• On 31 October – Halloween, appropriately – the Guardian reported that Manhattan-based rating agency Standard & Poor’s warns that a no-deal Brexit would plunge the U.K. into recession, send unemployment skyrocketing, home prices lower and office leasing rates off the cliff. Oh, and for good measure, Britain’s credit rating would be downgraded.
• The New York Times has a post about a new phenomenon – Brexit Preppers. They’re the Brits who are hoarding food, medicine, toilet paper and other supplies, preparing for the disruption of supplies likely after a no-deal Brexit.
From the post:
“People are talking about World War II and rationing,” said Ms. Mann, a former midwife. “People have also been talking about the blackouts in the 1970s, and how power was rationed. This has the potential of being a combination of the two,” she said.
• Scottish First Minister Nicola Sturgeon said in a 15 October speech at the Royal Society of Arts in London that Scotland voted overwhelmingly to remain in the EU. In the event of what she calls “a blindfold Brexit,” “Scotland must have the option to choose a different course, as an independent member of the EU.” Make of that what you will.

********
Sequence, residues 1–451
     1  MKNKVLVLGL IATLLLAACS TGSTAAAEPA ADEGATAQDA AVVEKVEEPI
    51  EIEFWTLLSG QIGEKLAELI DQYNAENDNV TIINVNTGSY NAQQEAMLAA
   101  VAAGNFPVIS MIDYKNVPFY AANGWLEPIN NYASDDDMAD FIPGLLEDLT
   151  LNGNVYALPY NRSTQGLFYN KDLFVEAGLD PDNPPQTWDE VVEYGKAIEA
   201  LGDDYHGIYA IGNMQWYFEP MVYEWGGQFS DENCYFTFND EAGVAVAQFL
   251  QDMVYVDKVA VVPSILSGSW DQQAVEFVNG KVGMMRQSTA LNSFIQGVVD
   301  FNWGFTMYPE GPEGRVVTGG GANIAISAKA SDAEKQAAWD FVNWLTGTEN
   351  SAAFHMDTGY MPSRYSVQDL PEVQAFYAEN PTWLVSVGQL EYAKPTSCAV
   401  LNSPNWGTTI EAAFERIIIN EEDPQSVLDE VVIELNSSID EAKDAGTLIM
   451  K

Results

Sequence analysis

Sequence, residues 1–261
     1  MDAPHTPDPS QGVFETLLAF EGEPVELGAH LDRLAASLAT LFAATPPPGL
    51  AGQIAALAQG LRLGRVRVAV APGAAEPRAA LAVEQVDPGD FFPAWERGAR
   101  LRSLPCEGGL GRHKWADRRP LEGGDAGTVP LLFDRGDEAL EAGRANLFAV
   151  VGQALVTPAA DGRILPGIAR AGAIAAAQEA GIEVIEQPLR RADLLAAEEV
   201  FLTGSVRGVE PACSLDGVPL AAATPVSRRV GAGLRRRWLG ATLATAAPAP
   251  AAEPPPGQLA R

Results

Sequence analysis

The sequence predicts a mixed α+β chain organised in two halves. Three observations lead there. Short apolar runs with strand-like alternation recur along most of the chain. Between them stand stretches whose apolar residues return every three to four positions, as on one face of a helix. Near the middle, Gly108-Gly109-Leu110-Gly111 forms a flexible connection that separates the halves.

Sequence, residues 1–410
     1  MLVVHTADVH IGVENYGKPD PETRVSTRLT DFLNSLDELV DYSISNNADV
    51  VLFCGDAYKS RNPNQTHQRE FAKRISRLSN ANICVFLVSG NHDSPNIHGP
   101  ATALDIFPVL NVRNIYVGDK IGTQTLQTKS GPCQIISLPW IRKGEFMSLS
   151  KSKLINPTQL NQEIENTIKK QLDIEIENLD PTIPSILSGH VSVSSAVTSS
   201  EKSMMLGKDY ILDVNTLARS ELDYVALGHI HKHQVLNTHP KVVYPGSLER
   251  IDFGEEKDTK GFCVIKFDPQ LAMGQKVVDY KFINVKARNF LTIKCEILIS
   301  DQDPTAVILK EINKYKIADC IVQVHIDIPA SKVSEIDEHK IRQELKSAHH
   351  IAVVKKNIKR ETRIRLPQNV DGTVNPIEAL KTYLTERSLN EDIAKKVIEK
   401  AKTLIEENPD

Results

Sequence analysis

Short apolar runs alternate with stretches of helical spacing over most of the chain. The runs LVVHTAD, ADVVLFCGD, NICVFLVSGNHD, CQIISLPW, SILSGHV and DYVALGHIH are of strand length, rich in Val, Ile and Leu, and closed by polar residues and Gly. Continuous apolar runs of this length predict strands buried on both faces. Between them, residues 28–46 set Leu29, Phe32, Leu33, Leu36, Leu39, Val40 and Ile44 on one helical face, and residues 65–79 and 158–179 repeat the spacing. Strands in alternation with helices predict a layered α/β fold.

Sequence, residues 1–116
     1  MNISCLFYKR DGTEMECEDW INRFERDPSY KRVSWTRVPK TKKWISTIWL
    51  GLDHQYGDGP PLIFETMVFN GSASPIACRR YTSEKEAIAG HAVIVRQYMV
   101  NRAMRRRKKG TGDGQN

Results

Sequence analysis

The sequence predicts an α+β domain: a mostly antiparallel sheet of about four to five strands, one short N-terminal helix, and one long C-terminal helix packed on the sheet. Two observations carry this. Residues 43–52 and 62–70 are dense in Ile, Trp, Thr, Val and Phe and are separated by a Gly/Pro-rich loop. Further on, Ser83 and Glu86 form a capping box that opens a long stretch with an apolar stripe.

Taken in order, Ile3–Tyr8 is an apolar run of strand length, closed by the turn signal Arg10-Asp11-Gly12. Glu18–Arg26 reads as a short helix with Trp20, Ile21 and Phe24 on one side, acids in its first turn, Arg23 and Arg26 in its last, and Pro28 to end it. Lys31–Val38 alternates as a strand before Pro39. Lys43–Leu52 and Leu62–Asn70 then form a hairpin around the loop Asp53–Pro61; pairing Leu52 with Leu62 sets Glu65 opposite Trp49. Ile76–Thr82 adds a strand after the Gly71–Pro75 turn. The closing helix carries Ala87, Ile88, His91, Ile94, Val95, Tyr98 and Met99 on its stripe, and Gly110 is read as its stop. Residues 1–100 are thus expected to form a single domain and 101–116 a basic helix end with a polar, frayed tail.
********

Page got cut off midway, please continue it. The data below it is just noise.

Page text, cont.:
You can see her full speech here. It’s worth a close read as it might be a harbinger of things to come in the UK as Northern Ireland and Scotland voted to stay, while Wales voted to leave.
• San Francisco-based Wells Fargo became the latest global financial giant to announce it was shifting its European operations to mainland Europe from London. Wells Fargo announced 15 October that it will open a subsidiary in Paris post-Brexit, according to The Financial Times.
• Former Conservative Prime Minister John Major said in a 15 October speech to the Foreign Office that Brexit is “a colossal misjudgment that will diminish” the UK while also threatening its future existence.
• On 20 September, European Union leaders including French President Emmanuel Macron told Prime Minister Theresa May her Chequers Plan is unworkable, increasing dramatically the chances of a no-deal Brexit. Or as CNN phrased it in their headline, “Brexit was sold by ‘liars’ and Britain’s exit plan is unworkable, UK told.” The remarks came during a Brexit Summit in Salzburg, Austria.
• Bank of England Gov. Mark Carney stated a no-deal Brexit could lead to a housing crash in Britain and other financial issues comparable to that of the 2008 financial collapse. The BOE carries out “stress tests” to check whether the banking system can withstand extreme financial shocks.
The most recent from November 2017 predicted a 33-percent fall in house prices could occur in a worst-case scenario, according to the BBC. Carney’s worst-case scenario was that house prices could fall as much as 35 percent over three years, a source told the BBC.